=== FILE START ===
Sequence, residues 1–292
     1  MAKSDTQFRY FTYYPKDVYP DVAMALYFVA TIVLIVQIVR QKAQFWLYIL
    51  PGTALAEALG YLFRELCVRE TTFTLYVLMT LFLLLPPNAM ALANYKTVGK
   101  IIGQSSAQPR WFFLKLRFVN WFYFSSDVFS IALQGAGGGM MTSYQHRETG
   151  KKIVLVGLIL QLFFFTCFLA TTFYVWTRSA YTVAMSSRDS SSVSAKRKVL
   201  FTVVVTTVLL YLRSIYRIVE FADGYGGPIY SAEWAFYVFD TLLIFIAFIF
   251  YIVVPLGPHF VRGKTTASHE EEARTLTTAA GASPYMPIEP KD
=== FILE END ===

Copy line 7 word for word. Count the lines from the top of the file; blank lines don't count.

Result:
   251  YIVVPLGPHF VRGKTTASHE EEARTLTTAA GASPYMPIEP KD